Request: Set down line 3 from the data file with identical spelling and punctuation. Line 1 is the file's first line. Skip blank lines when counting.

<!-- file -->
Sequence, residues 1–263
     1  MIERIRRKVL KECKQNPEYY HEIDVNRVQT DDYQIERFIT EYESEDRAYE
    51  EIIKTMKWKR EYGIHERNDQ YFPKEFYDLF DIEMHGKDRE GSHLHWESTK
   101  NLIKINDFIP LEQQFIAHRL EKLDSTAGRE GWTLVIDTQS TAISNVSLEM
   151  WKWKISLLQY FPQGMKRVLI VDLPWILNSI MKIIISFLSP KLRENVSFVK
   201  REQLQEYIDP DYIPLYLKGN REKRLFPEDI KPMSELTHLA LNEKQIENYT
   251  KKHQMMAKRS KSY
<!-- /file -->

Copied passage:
    51  EIIKTMKWKR EYGIHERNDQ YFPKEFYDLF DIEMHGKDRE GSHLHWESTK